Though uncorrected transcripts are made available following meetings, written submissions are not. I am conscious that this can make it difficult for readers and viewers to make sense of the discussion: the questions put to me all derived from my written submission. I think we need to think about putting written submissions online with the transcripts. I will take this up with the committee – though feel free to write and make the point also.

    On outreach, some areas are better covered by peers than others, but there are peers willing to travel to different parts of the country in order to fill the gaps. I know because I am one of them. I take the view that as long as a school is reasonably within reach by train, I’m happy to visit. I have done a fair number of visits to schools as part of the outreach programme: I’ve enjoyed every one.

    • Croft
      09/05/2009 at 1:54 pm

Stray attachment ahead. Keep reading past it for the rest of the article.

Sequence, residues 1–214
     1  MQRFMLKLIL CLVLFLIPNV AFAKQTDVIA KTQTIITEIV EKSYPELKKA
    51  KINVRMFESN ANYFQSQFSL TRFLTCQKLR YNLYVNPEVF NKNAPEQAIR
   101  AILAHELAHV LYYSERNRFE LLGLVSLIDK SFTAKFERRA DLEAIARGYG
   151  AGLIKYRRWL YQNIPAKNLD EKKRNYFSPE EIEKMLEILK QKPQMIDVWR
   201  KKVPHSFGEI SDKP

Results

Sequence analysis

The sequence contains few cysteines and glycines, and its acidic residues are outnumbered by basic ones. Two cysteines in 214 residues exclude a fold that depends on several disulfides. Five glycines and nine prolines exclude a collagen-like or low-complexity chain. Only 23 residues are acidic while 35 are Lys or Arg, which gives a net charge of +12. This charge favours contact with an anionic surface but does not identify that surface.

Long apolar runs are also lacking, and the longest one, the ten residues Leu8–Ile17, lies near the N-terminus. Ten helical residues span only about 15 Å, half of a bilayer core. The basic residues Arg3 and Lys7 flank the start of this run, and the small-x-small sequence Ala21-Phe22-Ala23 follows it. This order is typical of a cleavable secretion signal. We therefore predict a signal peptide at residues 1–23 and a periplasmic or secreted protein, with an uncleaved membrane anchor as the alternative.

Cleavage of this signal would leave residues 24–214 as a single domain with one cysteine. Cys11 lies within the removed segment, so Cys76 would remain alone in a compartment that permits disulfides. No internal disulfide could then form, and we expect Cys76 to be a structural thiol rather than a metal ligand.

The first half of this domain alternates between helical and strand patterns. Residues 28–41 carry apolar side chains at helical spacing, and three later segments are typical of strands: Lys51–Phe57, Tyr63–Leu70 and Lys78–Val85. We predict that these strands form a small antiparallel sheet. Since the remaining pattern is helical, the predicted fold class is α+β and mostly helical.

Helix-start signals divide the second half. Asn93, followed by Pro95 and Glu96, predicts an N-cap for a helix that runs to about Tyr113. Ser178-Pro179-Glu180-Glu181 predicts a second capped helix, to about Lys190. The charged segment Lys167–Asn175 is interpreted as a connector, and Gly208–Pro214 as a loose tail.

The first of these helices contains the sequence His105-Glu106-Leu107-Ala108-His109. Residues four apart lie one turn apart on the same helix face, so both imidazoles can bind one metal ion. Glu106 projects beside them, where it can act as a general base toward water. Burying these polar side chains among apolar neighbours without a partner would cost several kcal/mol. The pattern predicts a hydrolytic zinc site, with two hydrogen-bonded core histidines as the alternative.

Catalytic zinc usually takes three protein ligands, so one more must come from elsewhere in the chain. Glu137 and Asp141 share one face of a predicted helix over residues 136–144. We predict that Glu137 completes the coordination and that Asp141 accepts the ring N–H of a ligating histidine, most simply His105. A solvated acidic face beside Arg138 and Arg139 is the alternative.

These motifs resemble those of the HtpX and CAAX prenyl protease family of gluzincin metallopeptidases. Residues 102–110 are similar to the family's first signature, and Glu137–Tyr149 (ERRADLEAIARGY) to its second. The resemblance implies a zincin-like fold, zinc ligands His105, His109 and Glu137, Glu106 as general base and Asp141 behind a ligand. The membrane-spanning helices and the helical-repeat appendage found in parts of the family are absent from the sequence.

Out of interest are they any rough figures as to the cost running a committee? I would have thought the massive fixed costs of running the building would dwarf any variable costs of committees.

      What I meant was how do you know which areas need more outreach or do you simply see who asks.

      Not having seen either report covers I can’t say. I think I’d only comment that sometimes when I see consultations/reports the use of colours and pictures are inversely proportional to the quality of the written content.

  3. lordnorton
    09/05/2009 at 3:27 pm

    Croft: The principal costs involved with creating new committees are the staffing costs. If it is an ad hoc committee, it places a strain on the existing resources; if there are to be new permanent (sessional) committees, then the number of clerks may need to be increased. The costs are, indeed, small relative to the overall costs, not least of running the building.

    On outreach, it is very much driven by which schools responded to a letter from the Lord Speaker; there is no targeting of particular areas or schools.

    I rather agree with you about the covers. The more glossy the presentation, the more worried I am about the quality of the content. At least in the Lords we cannot be accused of utilising garish covers.

  4. howridiculous
    10/05/2009 at 12:12 pm

    Dear Lord Norton,

    Thank you for alluding to my point about the website being ‘too fussy’. I certainly hope that in due course the front page of it is changed so that it gives some impression of the majesty and importance of the institution.